HP Compaq 2230s: “almost a netbook” for grown-ups

Designed for business professionals on the move the new HP Compaq 2230s is positioned as an ultra-lightweight notebook that is only slightly larger than a netbook but with considerably more computing features.

While the 2230s is meant to ship with Vista Business and in fact has a sticker for Windows Home Basic our review unit was supplied with Windows XP SP2. This is probably a good thing given that the unit only came with 1Gb of RAM – enough to provide reasonable performance under XP but insufficient for Vista. We understand that 2230s has two memory slots which allow it to support up to 8Gb of RAM but we don’t know whether that configuration will be available in Australia.

One of the first things you’ll notice about the 2230s is that it is very light and compact yet it sports a 12.1-in screen with a native 1280 x 800 screen resolution. When plugged into the power the screen is bright and easy to use with even illumination reasonable contrast and sufficient sharpness to support this relatively high resolution for the size. The default settings in low-power mode when running on battery are not so good as the screen becomes relatively dull and lacking in contrast which gives the impression of blurriness. It might be OK for watching a movie or doing a bit of browsing but I personally would find staring at the screen when on batteries quite tiring and would choose to sacrifice battery life rather than my eyesight.

It may be a good thing for security but the viewing angle of the screen is also relatively narrow which means on the one hand it is hard for the person next to you to see the screen but also makes it hard to show a presentation or document to a colleague.

The 2230s is supplied with a 4-cell (37WHr) lithium ion battery that provides around 2.5 hours of use with the default power management settings. During this time we performed some wireless web-browsing and watched around 2 hours of DivX movies from the DVD drive to simulate a balance of processing and data transfer. The battery is quite accessible and relatively light so it would be realistic to pack a spare if you intended to use the 2230s for a full day of work.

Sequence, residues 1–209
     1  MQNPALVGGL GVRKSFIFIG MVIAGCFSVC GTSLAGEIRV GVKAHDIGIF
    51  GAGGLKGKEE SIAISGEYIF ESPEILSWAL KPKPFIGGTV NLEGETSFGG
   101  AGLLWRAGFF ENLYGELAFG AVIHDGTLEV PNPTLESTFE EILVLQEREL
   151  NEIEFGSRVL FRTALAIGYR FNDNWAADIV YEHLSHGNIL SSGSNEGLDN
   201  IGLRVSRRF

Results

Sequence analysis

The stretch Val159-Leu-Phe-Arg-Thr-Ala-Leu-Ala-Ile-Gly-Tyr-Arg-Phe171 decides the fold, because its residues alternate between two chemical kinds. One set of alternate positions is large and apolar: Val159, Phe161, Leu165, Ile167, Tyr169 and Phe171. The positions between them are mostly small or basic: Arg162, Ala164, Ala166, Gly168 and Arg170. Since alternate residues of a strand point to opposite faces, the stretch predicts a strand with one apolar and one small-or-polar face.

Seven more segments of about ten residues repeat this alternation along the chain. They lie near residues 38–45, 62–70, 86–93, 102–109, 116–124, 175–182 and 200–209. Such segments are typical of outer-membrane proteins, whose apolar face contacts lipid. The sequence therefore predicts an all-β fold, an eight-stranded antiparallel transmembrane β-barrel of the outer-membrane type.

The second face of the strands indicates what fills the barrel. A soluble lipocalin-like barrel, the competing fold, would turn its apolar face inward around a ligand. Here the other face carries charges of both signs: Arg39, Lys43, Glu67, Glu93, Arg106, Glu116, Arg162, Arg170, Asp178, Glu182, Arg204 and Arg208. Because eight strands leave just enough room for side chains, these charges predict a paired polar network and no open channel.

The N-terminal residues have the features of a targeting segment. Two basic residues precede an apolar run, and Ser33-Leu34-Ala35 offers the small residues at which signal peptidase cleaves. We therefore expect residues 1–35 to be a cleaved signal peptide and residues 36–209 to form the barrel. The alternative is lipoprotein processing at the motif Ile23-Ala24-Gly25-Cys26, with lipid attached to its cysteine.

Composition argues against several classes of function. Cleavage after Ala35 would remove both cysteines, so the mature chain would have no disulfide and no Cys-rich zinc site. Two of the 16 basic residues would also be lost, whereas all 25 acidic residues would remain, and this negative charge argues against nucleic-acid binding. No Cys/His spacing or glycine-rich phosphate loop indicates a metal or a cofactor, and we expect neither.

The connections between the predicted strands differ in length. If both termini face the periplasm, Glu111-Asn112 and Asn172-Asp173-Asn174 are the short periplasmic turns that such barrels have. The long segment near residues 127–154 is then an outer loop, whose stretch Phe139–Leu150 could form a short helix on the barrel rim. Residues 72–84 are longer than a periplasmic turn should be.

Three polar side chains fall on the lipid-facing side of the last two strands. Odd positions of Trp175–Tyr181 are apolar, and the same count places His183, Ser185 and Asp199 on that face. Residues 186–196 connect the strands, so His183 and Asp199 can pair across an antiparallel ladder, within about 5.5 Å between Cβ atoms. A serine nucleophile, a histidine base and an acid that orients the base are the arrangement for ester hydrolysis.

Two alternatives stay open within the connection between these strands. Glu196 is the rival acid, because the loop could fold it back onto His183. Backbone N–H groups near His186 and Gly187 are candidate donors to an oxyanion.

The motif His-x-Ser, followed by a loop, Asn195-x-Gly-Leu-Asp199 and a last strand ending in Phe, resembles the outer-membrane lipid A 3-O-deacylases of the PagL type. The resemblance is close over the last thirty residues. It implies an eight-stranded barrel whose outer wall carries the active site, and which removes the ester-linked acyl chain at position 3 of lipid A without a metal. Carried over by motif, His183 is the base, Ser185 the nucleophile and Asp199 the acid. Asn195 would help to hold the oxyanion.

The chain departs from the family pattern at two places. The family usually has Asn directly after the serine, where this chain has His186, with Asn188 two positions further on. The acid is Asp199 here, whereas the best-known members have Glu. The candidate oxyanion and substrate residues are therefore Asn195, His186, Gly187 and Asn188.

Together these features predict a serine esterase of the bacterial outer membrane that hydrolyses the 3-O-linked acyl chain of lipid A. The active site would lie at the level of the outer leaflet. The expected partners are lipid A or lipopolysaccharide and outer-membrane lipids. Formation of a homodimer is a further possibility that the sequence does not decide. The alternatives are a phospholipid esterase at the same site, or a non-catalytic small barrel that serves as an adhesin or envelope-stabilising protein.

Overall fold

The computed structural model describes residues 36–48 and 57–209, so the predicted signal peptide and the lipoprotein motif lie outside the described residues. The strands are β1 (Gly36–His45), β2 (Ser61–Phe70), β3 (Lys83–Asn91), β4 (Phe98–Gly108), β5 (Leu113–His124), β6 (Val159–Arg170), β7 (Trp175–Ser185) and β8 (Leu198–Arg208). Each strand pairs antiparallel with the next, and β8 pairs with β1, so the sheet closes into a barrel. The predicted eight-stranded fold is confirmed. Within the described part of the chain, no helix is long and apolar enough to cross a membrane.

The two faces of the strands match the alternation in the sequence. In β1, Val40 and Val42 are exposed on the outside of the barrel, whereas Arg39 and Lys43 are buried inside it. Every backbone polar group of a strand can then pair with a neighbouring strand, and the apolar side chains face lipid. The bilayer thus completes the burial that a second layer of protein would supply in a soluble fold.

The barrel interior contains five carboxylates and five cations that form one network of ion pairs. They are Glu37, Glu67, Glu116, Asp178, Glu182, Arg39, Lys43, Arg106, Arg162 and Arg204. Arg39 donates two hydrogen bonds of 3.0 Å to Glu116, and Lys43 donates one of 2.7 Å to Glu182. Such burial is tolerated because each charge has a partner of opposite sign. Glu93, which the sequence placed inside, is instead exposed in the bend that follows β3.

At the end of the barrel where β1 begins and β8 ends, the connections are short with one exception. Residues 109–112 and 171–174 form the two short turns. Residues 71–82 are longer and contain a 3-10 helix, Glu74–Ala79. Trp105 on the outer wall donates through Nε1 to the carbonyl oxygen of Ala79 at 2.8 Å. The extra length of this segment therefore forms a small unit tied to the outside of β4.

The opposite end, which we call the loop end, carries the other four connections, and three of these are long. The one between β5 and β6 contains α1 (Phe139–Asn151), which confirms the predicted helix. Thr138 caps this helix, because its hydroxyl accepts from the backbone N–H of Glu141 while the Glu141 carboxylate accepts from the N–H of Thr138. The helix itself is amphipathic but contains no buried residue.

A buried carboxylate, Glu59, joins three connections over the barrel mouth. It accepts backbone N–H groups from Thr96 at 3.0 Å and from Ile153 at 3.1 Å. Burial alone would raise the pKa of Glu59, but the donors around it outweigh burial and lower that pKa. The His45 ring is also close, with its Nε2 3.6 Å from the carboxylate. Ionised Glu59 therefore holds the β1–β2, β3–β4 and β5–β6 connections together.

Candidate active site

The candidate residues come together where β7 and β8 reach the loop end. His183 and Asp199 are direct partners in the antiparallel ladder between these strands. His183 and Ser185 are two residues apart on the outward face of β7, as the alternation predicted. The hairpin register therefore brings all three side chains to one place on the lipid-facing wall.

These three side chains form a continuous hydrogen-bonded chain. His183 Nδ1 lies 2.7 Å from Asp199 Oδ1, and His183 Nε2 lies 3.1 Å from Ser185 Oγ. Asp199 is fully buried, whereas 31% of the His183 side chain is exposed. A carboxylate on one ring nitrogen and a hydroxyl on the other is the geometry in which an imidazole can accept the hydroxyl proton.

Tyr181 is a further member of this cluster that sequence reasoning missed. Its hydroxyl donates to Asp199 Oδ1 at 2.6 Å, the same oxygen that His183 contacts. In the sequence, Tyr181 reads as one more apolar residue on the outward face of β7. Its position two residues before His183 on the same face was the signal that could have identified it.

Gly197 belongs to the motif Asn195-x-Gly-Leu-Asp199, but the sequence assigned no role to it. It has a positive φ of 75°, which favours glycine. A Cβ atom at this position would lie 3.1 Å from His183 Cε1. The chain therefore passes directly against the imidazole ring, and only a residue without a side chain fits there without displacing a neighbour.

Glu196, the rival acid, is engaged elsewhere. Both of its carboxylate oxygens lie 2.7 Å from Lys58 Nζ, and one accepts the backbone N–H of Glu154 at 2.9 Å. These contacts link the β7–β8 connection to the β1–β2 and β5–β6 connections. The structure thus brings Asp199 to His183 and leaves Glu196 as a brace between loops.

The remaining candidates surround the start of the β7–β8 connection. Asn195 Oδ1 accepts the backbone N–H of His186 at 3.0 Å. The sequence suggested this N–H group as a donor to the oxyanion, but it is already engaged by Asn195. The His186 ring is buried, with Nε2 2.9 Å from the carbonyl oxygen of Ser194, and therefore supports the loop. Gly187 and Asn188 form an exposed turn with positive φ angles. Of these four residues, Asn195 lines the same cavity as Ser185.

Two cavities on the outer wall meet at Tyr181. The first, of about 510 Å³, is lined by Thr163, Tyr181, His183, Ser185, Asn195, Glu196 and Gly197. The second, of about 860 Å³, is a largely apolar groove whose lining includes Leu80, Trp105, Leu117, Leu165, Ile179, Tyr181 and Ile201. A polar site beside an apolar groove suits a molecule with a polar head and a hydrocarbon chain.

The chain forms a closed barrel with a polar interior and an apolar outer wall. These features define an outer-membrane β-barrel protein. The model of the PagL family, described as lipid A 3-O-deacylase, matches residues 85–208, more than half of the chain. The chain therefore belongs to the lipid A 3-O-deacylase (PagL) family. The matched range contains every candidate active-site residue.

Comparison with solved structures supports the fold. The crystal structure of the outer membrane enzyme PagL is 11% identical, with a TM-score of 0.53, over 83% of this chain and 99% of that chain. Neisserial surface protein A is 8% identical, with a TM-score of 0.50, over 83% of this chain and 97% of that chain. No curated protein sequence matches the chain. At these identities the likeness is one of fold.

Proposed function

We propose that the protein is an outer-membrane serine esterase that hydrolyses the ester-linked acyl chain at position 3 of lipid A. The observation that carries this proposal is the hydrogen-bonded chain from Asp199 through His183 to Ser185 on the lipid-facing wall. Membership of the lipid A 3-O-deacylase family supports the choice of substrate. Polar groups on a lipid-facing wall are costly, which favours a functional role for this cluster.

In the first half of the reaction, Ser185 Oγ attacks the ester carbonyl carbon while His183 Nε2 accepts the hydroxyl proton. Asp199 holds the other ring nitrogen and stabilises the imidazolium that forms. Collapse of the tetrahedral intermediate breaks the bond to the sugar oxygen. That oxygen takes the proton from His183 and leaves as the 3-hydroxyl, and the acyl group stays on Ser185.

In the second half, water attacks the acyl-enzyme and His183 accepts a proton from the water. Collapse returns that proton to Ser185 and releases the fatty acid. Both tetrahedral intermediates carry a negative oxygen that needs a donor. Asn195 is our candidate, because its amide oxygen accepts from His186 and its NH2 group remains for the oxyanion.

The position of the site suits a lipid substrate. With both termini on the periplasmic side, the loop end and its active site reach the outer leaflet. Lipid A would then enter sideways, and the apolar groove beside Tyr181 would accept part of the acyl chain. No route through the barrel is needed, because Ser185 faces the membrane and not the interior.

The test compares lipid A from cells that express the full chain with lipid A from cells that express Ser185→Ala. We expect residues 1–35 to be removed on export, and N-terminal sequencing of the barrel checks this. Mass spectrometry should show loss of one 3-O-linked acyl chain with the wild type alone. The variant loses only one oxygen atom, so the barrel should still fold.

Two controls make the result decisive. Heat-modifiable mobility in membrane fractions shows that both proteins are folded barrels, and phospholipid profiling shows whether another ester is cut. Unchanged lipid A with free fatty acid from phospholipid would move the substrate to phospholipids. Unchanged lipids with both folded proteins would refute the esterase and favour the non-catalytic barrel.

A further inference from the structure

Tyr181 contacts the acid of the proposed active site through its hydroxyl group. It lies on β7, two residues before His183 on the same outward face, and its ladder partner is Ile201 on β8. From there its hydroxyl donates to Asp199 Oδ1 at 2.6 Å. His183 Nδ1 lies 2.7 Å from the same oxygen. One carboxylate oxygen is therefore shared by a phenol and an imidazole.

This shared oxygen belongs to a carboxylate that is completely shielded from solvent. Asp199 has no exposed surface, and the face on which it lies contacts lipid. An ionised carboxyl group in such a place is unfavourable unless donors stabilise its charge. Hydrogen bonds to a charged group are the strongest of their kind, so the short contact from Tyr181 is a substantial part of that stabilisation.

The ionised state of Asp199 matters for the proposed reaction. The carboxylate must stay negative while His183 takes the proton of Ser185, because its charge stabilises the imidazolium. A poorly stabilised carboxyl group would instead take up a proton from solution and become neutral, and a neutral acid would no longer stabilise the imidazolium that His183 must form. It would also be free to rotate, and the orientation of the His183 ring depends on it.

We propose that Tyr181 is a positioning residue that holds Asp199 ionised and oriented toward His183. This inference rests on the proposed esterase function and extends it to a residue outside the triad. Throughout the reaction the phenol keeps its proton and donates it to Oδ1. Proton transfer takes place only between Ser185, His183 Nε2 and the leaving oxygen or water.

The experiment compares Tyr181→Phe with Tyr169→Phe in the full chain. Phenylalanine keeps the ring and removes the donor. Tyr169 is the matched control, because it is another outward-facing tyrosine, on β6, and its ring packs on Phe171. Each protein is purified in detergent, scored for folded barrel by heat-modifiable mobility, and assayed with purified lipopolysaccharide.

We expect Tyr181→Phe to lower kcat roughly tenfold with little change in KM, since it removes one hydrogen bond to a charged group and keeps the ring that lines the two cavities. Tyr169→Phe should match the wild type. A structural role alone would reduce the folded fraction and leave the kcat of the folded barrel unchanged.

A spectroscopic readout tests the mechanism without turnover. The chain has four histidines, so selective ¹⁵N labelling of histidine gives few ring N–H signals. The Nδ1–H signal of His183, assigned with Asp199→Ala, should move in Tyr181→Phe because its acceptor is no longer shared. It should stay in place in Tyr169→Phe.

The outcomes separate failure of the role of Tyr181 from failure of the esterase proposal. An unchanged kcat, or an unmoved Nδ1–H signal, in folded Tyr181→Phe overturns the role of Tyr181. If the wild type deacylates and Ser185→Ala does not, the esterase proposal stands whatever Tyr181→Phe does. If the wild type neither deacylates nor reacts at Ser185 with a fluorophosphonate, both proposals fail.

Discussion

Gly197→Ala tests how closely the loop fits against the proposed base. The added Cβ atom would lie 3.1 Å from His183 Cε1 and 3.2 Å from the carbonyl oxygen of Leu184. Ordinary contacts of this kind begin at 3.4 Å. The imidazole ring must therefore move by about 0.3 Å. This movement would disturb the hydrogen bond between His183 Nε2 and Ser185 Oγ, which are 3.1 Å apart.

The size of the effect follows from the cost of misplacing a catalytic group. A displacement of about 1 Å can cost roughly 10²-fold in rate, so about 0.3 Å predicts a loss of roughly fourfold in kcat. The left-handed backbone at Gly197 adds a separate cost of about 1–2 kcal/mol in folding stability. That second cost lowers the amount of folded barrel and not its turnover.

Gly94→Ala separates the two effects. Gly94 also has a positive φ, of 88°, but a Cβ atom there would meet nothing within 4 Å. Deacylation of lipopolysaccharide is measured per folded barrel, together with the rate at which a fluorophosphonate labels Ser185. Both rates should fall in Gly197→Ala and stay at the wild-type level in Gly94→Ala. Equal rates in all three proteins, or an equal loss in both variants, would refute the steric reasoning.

The 2.26Ghz processor supplied in our test unit was no sloth although this was running XP which puts less load on a system than Vista. The unit was quick to power up and quite responsive although if we were going to run (rather than walk) Vista we would insist on a memory upgrade. The 2230s had no difficulty decoding high definition (720p) DixV video and was quite responsive even with other tasks in background. Again we put this down to running XP as we suspect that integrated Intel graphics adaptor and limited RAM would slow things down under Vista.

The overall layout of the notebook is fairly typical with a full-size keyboard small touchpad and two mouse buttons. The keyboard is reasonable for a notebook of this size with reasonable key travel and firmness. The keys have a matte finish which may not look as stylish as the glossy piano style but they don’t show fingerprints as badly.